Brazilian table grape exports soar in H1 as other major fruits see big gains

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Brazilian table grape exports soar in H1 as other major fruits see big gains

Brazilian fruit exports rose by 21% in volume in the first half of the year, driven by a more-than-threefold rise in table grape shipments.

The country exported 430,000 metric tons (MT) of fruit between January and June, up from 355,000MT.

The value of exports over the period also rose by 15% year-on-year to US$384 million.

There were strong increases in exports of melons and mangoes - Brazil's number-one and -three fruit exports by volume over the six months.

But table grapes saw the biggest percentage increase of any top-10 fruit. Exports rose by 224% in volume to 12,000MT, and by a similar percentage in value to US$24 million.

However, Jorge de Souza, technical project manager of fruit exporters' association Abrafrutas told that the increase was largely due to the absence of climate-related issues seen in recent seasons.

"In reality, what happened in the last few years was that we had various weather problems in our main growing areas. So we didn't have enough export-quality fruit," he said.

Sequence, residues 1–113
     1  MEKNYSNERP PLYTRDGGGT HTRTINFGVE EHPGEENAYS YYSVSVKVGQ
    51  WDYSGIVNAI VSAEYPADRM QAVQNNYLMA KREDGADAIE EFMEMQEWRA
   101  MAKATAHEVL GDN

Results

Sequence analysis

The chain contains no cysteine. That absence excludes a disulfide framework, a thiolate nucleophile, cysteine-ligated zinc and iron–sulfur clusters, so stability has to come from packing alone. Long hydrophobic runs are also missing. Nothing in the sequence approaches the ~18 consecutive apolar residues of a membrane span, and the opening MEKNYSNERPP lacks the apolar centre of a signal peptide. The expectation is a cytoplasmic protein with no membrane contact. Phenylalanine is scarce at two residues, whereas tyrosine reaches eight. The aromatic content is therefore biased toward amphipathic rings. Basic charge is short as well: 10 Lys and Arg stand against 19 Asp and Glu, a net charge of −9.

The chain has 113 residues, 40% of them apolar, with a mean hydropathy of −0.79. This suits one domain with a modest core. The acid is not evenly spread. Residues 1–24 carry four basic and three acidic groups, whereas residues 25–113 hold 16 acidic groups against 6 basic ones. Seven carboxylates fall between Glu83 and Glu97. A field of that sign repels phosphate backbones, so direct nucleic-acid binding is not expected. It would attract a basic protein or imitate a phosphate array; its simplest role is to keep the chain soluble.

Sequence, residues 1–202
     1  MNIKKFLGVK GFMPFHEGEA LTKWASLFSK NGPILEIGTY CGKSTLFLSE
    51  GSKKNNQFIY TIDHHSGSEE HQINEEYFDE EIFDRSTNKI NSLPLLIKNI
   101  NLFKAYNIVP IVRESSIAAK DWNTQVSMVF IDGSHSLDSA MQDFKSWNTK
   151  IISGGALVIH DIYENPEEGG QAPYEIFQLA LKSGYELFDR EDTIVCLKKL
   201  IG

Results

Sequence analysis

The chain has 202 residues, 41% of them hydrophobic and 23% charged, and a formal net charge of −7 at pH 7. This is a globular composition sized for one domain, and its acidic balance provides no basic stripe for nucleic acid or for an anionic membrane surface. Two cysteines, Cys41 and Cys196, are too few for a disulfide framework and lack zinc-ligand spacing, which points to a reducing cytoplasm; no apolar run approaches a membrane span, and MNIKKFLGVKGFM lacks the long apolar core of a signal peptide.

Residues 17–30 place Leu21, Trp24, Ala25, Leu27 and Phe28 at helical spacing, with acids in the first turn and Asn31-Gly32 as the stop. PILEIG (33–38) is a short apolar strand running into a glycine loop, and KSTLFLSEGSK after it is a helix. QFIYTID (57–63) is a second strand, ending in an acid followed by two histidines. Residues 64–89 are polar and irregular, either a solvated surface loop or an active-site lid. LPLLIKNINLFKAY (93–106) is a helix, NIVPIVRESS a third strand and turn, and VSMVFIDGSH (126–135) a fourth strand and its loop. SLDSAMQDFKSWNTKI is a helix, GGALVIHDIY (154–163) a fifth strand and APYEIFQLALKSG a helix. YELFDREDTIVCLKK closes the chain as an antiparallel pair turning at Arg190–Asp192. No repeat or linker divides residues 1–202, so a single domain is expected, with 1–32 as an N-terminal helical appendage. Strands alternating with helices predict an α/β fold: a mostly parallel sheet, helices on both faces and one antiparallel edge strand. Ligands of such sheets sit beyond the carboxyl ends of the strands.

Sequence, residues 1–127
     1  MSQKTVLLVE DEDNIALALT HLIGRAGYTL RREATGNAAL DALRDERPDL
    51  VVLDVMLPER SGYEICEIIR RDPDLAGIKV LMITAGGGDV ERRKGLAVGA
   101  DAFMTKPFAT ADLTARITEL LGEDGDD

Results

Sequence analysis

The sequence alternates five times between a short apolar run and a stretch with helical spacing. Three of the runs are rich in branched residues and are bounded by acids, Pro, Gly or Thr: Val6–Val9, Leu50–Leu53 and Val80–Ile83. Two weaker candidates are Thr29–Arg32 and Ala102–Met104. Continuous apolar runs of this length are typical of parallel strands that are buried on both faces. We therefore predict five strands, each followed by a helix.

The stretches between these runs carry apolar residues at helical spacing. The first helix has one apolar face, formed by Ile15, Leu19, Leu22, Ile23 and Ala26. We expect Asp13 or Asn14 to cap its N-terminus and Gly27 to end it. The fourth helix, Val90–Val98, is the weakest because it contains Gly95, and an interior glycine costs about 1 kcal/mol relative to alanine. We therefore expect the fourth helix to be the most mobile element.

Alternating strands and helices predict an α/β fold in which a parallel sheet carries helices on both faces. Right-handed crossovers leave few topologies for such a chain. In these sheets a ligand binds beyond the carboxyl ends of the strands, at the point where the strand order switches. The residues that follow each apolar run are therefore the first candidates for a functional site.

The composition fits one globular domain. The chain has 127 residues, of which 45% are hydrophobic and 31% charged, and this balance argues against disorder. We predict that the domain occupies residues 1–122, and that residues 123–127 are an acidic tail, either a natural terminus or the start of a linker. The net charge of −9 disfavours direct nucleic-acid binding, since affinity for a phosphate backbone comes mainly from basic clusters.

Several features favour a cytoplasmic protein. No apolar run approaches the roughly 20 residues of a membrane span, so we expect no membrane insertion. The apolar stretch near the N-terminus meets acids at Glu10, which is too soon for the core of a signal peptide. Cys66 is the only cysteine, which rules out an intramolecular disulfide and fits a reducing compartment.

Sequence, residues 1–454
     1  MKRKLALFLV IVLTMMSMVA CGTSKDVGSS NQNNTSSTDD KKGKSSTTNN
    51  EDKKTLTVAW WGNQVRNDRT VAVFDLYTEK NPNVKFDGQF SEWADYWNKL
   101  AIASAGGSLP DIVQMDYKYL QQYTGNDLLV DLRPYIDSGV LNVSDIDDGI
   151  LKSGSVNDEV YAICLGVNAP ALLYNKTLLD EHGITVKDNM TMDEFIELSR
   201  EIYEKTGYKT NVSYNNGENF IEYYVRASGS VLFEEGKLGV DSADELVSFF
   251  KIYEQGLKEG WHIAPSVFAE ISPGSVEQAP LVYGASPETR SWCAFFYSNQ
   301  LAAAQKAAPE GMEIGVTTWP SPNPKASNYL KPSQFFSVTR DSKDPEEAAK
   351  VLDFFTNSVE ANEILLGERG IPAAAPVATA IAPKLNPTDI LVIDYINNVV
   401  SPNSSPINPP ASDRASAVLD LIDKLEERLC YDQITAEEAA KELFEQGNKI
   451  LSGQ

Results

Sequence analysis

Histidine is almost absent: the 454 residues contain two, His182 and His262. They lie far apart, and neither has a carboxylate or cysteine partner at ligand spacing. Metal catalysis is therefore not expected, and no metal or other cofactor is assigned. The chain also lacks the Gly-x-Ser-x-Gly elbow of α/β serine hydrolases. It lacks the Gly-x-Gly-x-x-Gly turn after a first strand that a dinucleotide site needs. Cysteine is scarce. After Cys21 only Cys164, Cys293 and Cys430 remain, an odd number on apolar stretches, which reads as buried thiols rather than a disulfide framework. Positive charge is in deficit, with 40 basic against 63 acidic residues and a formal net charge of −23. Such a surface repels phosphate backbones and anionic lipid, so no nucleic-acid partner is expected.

"This year the weather has been very good, so we've been able to send a larger quantity of export quality fruit to the market."

But he also attributed the rise to ongoing work by the association and the table grape industry to boost imports.

Brazil mainly exports seedless table grape varieties but also grows traditional seeded varieties like Red Globe.

Over the period, mango exports rose by a little over 50% in volume and value to 75,000MT and US$82 million.

Meanwhile, lime exports increased by 3% in volume and 13% in value to 66,000MT and US$66 million. And melons grew by 39% in volume and 26% in value to 92,000MT and US$58 million.

Banana exports also increased by 57% in volume and 30% in value to 45,000MT and US$14 million.

Brazil seeks diversification outside EU for fruit exports

The European Union remains Brazil's leading fresh fruit market, according to De Souza. But he said the industry is trying to diversify and find opportunities elsewhere.

One destination they are looking at is the United Arab Emirates (UAE), a country that he says has a very competitive fruit market but that pays well for high-quality tropical fruits.

De Souza said he was optimistic for how fruit exports would perform in the rest of 2019; a notable consideration is how the high temperatures in Europe could lead to more demand for tropical fruit.

"We expect to have the same performance in the second half of the year as in the first," he said.

See the complete table of fruit exports here (in Portuguese).



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